Vaccines are among the most safe and effective public health interventions to prevent serious disease and death. Because of the success of vaccines, most Americans today have no firsthand experience with such devastating illnesses as polio or diphtheria. Health care providers who vaccinate young children follow a schedule prepared by the U.S. Advisory Committee on Immunization Practices. Under the current schedule, children younger than six may receive as many as 24 immunizations by their second birthday. New vaccines undergo rigorous testing prior to receiving FDA approval; however, like all medicines and medical interventions, vaccines carry some risk. Driven largely by concerns about potential side effects, there has been a shift in some parents' attitudes toward the child immunization schedule. The Childhood Immunization Schedule and Safety identifies research approaches, methodologies, and study designs that could address questions about the safety of the current schedule. This report is the most comprehensive examination of the immunization schedule to date. The IOM authoring committee uncovered no evidence of major safety concerns associated with adherence to the childhood immunization schedule. Should signals arise that there may be need for investigation, however, the report offers a framework for conducting safety research using existing or new data collection systems.Mini-Sentinel Coordinating Center. 2011. Mini-Sentinel distributed database aat a glance.a Sil- ver Spring, MD: Food and Drug Administration, Sentinel Initiative. http://mini-sentinel. org/about_us/MSDD_At-a-Glance.aspx (accessed November anbsp;...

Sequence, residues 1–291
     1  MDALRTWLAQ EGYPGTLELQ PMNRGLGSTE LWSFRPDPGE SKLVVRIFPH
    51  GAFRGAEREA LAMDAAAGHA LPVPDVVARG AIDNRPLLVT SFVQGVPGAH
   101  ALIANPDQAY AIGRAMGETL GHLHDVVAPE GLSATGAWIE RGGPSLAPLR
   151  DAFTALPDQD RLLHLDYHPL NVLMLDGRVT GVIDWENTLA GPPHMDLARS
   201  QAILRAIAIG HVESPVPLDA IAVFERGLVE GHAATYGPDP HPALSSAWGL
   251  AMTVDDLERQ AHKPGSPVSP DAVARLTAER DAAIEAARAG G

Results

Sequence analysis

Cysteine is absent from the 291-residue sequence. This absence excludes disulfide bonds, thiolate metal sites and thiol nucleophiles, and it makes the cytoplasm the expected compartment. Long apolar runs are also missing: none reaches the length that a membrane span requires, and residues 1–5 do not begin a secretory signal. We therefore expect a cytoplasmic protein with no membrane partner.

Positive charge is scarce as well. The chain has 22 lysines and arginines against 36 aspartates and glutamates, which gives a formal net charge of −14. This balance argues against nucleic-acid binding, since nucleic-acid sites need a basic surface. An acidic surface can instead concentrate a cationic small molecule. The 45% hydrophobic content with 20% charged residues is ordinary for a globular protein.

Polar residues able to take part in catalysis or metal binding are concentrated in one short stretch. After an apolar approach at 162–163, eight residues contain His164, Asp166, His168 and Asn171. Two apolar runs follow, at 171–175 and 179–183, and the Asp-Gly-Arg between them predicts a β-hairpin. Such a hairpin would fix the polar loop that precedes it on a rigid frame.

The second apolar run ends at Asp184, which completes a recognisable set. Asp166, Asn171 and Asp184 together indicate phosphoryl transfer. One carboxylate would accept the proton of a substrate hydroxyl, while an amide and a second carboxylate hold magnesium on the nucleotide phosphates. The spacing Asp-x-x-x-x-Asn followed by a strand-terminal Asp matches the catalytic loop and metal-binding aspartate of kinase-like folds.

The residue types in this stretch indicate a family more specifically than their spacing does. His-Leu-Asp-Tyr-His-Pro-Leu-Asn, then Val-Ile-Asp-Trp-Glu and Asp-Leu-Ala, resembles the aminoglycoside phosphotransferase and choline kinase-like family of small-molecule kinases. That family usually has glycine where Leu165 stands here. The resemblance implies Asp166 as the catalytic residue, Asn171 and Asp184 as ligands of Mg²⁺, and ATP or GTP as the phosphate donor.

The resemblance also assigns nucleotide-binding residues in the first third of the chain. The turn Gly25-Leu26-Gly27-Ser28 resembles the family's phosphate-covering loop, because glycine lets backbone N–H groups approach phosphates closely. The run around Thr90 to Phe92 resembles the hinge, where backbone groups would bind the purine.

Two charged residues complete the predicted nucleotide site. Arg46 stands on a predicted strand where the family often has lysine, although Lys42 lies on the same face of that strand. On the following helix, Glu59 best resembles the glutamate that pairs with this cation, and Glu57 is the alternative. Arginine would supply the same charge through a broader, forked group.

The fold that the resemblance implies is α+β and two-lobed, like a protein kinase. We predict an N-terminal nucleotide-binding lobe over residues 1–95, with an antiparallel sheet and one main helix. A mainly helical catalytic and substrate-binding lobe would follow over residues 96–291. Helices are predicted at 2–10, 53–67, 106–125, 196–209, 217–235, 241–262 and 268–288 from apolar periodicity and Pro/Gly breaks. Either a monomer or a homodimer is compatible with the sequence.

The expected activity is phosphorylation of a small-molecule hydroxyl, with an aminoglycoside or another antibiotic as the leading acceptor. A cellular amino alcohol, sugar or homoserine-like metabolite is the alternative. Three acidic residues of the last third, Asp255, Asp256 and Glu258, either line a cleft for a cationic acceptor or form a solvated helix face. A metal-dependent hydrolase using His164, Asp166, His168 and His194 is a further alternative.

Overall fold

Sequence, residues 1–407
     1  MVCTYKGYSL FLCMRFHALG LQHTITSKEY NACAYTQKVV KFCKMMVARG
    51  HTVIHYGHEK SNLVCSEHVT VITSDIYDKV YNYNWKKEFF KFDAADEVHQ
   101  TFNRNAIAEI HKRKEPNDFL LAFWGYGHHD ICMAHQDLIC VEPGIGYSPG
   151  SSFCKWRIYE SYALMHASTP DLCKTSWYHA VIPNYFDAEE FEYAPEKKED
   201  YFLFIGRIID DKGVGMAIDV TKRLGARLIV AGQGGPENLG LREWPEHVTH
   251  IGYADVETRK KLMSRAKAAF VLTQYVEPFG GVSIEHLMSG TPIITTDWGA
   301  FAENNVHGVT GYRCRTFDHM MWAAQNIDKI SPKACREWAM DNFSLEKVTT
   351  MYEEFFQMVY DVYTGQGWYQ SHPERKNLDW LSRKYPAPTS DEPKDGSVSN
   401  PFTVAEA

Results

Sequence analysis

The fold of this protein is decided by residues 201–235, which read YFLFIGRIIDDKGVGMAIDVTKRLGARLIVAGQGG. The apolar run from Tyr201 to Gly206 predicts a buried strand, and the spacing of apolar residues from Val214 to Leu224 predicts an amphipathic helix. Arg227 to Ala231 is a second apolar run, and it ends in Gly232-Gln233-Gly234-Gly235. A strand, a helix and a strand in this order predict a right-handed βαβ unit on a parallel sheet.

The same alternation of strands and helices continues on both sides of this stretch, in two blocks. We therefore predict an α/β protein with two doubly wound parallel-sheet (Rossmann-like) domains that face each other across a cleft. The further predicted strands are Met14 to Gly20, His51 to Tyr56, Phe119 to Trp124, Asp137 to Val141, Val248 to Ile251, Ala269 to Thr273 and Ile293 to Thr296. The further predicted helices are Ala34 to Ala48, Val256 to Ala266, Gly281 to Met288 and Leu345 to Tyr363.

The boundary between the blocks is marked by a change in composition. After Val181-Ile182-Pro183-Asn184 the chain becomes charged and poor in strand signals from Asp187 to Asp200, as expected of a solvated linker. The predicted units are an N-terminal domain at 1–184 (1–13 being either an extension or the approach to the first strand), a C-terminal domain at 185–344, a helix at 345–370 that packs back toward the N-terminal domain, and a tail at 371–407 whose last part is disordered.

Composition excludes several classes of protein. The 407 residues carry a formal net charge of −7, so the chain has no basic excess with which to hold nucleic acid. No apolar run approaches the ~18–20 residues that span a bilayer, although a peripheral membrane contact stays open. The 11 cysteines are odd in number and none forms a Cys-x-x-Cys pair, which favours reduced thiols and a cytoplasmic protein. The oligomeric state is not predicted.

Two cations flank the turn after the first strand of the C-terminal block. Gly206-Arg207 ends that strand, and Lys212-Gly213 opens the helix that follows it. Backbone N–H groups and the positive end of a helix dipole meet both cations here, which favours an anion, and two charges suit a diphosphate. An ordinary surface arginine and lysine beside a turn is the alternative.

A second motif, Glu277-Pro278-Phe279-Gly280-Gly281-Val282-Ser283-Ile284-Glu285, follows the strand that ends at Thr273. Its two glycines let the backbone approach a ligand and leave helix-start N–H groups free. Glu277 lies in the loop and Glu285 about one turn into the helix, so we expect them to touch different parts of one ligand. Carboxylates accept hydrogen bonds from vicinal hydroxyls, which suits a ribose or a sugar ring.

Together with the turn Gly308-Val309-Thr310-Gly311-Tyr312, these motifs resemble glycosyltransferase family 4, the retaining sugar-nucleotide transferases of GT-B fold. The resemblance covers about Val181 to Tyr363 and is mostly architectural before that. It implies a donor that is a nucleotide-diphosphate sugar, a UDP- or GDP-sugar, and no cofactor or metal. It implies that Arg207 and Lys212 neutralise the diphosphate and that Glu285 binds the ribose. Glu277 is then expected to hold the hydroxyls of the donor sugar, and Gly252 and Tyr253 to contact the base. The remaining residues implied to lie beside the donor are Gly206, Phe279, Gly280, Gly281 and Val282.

|Title||:||The Childhood Immunization Schedule and Safety:|
|Author||:||Board on Population Health and Public Health Practice, Committee on the Assessment of Studies of Health Outcomes Related to the Recommended Childhood Immunization Schedule, Institute of Medicine|
|Publisher||:||National Academies Press - 2013-03-27|